Please know that if you are one of these photographers committing  such infringement, you are taking a very serious risk. Do you understand how Copyright laws work?

  • Do you believe that anything that is posted on the internet is free to use and therefore comes within the protection of “Fair Use?”
  • Maybe you have heard that the copyright owner has to provide you a takedown notice before suing and so long as you take the image down you are safe.
  • Or,  perhaps you know what you are doing is wrong and that you could be sued but you have read that copyrights are difficult to enforce and damages are difficult to prove or that the cost of litigation is too high to justify someone suing you.

I have actually heard all of this  from other photographers. Well, let me assure you that these theories are either just flat out incorrect or riskier than you think. Especially if you hold yourself out as a professional photographer (more on this later).

Here is what you are entitled to if your copyrights have been infringed upon:

17 U.S.C § 504 provides the following remedies for copyright owners who have suffered infringement:

  1. Actual Damages – the damages that you actually suffer as a result of the infringement. In other words, what did you lose as a result of the infringement? Did you lose a sale? Did you miss out on license fees? Did it cost you other clients? Actual damages can be tough because you may not have any. Just because someone else posted your photo doesn’t mean that you suffered an economic loss, no matter how illegal the use was. Even if you do have some actual damages, proving them can be difficult.
  2. Profits that the infringer received – did the infringer receive a profit from its use of your image?  If so, you may get an award equal to the profit.  But, many times the infringer doesn’t receive any profit from its use.  Rather, the images are simply posted on a website or uploaded to social media. Proving that the use of your image resulted in profits to the infringer may be very difficult.
  3. Statutory Damages – damages allowed per the statute. These damages are awesome because they give the owner the right to elect not to have to prove actual damages and profits and instead choose to recover an amount anywhere from $750 to $30,000 for each work infringed.

The great thing about the statutory damages is if the court decides that the infringement was committed willfully, the court may increase the award to up to $150,000.00!  WOOT WOOT!  Cha-CHING!  Don’t go messing with my images, right?  Right!  BUT, keep in mind that statutory damages are only available to owners who have registered the image with the copyright office (note to self:  register EVERYTHING that I post online.  And by “self”, I mean YOU).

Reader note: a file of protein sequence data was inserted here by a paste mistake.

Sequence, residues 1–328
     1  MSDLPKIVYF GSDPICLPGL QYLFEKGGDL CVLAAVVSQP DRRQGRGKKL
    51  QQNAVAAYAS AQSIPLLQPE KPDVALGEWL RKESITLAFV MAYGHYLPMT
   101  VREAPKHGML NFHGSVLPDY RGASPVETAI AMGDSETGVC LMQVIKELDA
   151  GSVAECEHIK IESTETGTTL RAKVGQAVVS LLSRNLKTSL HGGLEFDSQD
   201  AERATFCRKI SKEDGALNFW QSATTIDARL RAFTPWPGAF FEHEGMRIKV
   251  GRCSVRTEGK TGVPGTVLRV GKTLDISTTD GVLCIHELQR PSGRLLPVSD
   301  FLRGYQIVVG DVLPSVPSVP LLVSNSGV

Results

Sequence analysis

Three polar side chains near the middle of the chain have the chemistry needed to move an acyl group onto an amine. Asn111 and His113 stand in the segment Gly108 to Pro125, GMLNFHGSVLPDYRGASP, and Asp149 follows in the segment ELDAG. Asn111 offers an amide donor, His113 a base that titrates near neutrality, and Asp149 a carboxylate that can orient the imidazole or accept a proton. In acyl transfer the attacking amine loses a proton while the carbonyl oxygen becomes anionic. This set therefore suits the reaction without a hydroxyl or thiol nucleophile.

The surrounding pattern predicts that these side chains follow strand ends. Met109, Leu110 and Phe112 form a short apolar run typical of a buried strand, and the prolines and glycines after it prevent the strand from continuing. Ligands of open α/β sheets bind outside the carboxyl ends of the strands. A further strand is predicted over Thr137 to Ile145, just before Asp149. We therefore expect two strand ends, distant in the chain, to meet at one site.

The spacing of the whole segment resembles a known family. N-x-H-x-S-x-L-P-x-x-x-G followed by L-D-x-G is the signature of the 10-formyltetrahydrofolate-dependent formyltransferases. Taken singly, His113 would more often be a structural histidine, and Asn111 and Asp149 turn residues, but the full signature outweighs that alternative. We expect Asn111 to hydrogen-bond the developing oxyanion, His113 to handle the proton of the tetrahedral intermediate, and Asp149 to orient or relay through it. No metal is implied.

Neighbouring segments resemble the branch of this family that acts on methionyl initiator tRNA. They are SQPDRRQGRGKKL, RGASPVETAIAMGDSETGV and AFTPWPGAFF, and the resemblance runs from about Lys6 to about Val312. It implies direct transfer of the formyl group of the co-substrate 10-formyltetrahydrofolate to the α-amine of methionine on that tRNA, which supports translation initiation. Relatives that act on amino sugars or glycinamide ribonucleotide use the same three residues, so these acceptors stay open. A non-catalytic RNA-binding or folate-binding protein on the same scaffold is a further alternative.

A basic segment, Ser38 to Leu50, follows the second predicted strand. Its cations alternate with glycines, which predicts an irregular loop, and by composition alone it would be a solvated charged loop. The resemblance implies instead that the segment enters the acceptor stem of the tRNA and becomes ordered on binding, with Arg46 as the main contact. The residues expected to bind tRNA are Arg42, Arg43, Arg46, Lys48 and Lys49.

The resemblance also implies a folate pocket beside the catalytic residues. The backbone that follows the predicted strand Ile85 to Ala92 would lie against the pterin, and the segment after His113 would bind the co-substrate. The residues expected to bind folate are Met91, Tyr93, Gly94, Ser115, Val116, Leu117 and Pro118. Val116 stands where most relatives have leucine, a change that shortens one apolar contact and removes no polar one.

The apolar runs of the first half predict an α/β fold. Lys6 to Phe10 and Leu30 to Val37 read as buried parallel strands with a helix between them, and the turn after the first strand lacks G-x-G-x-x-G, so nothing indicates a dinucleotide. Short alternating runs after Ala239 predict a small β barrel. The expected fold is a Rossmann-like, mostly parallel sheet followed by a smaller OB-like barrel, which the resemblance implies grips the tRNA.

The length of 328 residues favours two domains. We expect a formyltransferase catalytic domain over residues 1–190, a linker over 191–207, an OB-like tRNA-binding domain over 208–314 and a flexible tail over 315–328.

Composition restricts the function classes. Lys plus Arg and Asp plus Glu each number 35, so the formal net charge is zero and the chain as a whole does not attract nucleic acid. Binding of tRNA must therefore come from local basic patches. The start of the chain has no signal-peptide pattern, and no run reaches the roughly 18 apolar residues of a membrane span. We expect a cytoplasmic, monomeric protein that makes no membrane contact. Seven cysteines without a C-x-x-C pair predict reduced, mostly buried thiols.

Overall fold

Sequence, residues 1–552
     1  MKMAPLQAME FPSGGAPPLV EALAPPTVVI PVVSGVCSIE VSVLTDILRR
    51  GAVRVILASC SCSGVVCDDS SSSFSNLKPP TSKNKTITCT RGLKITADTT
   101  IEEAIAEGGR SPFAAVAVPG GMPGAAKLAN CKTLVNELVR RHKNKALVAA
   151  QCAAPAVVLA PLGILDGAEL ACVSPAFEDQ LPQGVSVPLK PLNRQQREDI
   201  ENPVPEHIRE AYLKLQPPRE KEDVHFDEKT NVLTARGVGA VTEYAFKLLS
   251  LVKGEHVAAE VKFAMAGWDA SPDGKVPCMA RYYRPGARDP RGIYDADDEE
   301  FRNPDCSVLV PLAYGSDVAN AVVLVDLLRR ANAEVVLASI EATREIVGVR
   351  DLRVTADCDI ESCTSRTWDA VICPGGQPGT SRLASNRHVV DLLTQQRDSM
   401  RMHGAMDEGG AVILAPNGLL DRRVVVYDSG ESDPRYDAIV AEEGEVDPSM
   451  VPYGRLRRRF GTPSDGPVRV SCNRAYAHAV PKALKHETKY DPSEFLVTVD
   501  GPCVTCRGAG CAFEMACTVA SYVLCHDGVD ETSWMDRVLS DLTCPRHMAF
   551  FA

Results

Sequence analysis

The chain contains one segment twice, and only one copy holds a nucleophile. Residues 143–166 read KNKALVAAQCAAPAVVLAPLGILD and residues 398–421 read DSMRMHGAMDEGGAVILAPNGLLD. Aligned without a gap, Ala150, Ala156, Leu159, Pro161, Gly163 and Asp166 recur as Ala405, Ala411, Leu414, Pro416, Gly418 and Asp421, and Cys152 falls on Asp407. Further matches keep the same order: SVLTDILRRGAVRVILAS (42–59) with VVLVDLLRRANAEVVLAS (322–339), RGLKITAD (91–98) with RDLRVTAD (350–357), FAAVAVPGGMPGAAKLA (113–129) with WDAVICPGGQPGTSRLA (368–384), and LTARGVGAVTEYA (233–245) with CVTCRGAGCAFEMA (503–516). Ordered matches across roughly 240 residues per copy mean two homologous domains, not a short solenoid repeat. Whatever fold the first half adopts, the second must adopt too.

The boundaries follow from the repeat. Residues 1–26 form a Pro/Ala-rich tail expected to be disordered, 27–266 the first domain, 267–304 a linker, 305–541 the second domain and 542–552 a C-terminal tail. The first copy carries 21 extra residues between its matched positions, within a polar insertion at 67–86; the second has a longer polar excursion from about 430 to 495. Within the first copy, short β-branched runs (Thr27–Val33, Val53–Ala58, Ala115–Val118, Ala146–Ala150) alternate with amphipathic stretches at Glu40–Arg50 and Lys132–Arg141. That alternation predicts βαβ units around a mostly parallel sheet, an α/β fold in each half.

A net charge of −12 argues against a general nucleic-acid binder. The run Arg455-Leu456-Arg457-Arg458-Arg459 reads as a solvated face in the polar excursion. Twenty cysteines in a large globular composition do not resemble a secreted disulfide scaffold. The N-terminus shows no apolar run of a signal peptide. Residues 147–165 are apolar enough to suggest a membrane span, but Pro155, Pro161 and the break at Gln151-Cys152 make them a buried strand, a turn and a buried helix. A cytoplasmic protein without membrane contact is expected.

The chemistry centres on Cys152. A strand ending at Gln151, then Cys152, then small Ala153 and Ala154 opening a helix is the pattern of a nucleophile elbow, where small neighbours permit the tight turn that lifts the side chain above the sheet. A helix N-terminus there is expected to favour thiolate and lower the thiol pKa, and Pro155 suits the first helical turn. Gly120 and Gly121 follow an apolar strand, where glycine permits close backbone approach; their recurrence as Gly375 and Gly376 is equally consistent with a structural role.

The weird thing about statutory damages, however, is that there is an “out” for “innocent” infringers. Basically, if the infringer can prove that it had a good faith belief that its use of the image was lawful, the court could reduce the damages to as low as $200.

You are now asking:  “But Kirsten, you know everyone is just going to whine:  ‘Oh gee whiz Your Honor, I didn’t know.  I mean, isn’t the whole point of the internet and social media to share?  I was just doing what social media wants me to do.’  So how do I show that it was willful?”

Well, first of all you don’t have to.  The burden is on the infringer to prove it was NOT willful.  Also, while that argument might (and that’s a big “might”) work for a 13 year old IG hipster whose frontal lobe isn’t yet fully developed or maybe even for the innocent guy using Pinterest who just wanted to share some ideas for decorating his man cave (hey, it could happen), it is not going to work for someone who holds herself out as a photographer. I would argue that as a professional photographer, that person should have known, even had a duty to know, that what she did is wrong.

Further, under the statute, if the image contained a watermark with notice of copyright, the court won’t even allow the infringer to claim that the use of the image was innocent.

So, listen up you infringers:   Crop off the watermark, cut off your defense!

How to be sure you get those statutory damages:

  1. Use a watermark with notice of copyright. Yeah, yeah, your image is just too spectacular to be degraded with a watermark, right? Come on. If your image is really that breathtaking, people will see past the watermark.  As a watermark can mean the difference between $200 and $150,000 can you really afford not to use one?
  2. Register those images.  As stated above, registration is a prerequisite to statutory damages and it’s those statutory damages that can make the difference between recovering something and recovering nothing.  Registration can be done online at this link:   http://www.copyright.gov/eco and it is only $35 to register an unlimited number of images.

For all you “photographer”- infringers out there, do the right thing and remove the infringing material ASAP.    Then, educate yourself on your profession, respect your fellow photographers and yourself, and by all means, don’t ever wear the same dress others are wearing to the party. Again.

(I can’t believe this last paragraph even needs to be written).

*NOTICE.  The information in this article is for information and educational purposes only and does not constitute legal advice*